Joel Hanrahan, Pittsburgh Pirates
Jason Motte, St. Louis Cardinals
Rafael Betancourt, Colorado Rockies
Huston Street, San Diego Padres
J.J. Putz, Arizona Diamondbacks
Rafael Soriano, New York Yankees
Fernando Rodney, Tampa Bay Rays
Okay, it's not quite World Cup soccer. And some will choose Olympic basketball over soccer, but those ballers don't seem to try as hard, and the outcome isn't really in doubt if the Americans are playing these days. Olympic soccer has its flaws -- it's an under-23 tournament with three over-age exceptions, and most professional leagues are in session -- but there's something about the mix of team dynamic with patriotic pride that makes for compelling matches. This goes extra for handball -- aka water polo on solid ground -- which is a sport worth at least a few minutes of your time.
Now that the trade deadline is past, there's really only one reason to not love Huston Street. It's not strikeouts -- he's re-found his double-digit strikeout ways in San Diego, after two years in which he dipped. It's not walk rate -- he's always had an elite walk rate. It's not ground-ball rate -- well, he's only average there, but his home park has helped him suppress home runs (he hasn't given up a single one so far). The only reason to hang an asterisk on him is that he gets injured. He hasn't topped 60 innings since 2009, and he won't this year. Oh, and if you're hurt in the season, you're more likely to return to the DL than a pitcher that's been healthy all season. But at this point, it's not the biggest asterisk. Kudos to Street, and to the Padres for inking him to a reasonable deal (especially compared to Heath Bell's deal).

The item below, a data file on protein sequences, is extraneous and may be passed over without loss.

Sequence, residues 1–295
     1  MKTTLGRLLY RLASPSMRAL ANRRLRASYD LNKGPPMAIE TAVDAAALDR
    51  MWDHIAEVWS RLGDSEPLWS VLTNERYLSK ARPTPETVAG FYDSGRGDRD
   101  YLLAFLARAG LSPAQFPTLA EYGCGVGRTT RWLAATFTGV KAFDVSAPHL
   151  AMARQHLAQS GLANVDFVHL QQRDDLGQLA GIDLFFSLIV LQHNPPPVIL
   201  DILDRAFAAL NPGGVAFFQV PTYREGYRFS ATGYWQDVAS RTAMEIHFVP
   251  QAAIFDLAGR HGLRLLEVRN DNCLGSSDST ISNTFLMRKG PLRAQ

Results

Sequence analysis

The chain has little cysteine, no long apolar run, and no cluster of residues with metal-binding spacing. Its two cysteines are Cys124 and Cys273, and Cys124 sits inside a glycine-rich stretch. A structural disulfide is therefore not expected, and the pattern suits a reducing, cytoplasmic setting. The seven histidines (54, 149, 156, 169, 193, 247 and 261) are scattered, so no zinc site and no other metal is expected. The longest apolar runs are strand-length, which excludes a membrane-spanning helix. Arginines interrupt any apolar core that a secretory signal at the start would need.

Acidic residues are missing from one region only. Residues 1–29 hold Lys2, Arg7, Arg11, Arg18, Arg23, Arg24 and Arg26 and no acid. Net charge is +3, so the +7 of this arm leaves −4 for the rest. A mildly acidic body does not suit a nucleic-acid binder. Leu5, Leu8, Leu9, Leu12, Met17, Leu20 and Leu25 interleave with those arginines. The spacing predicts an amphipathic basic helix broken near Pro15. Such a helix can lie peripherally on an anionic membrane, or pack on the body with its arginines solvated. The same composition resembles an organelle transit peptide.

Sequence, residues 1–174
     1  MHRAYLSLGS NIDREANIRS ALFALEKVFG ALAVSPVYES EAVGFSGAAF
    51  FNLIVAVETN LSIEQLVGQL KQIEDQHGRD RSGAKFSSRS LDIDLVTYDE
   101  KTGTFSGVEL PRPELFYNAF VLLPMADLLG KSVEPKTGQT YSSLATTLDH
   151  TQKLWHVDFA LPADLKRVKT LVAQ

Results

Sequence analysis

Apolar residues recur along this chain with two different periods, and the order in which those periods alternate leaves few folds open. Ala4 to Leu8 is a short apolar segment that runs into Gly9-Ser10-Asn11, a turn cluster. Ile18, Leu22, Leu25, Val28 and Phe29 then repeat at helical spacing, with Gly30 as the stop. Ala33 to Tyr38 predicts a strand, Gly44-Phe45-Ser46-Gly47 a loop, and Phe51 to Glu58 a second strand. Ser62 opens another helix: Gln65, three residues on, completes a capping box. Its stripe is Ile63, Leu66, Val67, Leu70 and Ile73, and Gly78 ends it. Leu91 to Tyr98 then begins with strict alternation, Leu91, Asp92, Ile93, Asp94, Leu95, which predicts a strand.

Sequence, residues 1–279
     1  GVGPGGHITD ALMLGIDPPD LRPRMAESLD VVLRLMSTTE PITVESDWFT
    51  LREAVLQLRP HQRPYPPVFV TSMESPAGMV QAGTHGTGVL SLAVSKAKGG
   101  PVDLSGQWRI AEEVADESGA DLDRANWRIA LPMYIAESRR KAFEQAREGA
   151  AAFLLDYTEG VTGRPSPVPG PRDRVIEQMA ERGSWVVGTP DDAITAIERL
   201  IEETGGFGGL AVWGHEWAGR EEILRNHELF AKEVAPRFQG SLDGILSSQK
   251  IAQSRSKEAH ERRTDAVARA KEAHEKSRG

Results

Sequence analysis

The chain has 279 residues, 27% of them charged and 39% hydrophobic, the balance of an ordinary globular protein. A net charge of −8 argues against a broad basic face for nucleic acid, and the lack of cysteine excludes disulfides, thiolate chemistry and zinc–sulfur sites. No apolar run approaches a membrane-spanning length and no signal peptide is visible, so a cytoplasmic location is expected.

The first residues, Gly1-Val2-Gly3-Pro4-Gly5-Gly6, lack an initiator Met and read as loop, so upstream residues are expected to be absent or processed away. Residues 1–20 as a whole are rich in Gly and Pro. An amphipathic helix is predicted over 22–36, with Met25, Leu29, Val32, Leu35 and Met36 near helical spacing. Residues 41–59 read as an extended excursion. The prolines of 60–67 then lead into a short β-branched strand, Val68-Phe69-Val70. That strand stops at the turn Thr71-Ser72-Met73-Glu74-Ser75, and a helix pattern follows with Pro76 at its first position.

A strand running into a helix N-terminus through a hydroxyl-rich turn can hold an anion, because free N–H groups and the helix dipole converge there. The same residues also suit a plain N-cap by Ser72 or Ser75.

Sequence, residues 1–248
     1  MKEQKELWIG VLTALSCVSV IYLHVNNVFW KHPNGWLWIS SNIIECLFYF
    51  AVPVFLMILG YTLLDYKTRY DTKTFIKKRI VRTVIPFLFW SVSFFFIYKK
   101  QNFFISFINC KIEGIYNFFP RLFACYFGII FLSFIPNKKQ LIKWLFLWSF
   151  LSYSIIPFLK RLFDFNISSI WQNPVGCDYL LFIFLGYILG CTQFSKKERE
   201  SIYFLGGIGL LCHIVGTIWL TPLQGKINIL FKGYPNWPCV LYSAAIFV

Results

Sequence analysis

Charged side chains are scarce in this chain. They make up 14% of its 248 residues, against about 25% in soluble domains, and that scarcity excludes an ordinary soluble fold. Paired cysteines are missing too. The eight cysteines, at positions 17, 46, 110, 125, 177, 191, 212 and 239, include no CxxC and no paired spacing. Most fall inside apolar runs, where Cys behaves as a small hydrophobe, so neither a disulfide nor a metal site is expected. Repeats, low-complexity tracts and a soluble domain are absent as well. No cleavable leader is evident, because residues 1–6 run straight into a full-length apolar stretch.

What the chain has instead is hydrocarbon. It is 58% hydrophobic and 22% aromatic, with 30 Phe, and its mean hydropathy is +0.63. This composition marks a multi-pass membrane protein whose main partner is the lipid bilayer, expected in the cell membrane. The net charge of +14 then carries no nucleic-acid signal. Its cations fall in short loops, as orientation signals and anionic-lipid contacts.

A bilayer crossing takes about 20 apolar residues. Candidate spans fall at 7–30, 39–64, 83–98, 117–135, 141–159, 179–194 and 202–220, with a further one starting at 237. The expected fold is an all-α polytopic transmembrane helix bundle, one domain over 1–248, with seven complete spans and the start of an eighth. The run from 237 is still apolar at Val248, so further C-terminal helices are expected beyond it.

Tier 3: OK options (7) (AKA: The "Synchronized Swimming" Tier.)
Tyler Clippard, Washington Nationals
Tom Wilhelmsen, Seattle Mariners
Ernesto Frieri, Los Angeles Angels
Addison Reed, Chicago White Sox
Chris Perez, Cleveland Indians
Jim Johnson, Baltimore Orioles
Okay, as a 'sport,' this one would rank lower. The scoring is impossible to understand, there's no one-on-one competition, and nobody scores a goal, ever. Perhaps water polo should be here -- at least it's a team sport, with scoring, and incredibly impressive athleticism (try treading water with your hands over your head for ten minutes; they do that for a full hour). But synchronized swimming gets the spot for the utter bizarreness of the sport. It's probably unlike any other sport you've ever seen before. That makes it a strange mix with these less remarkable closers, but such is life.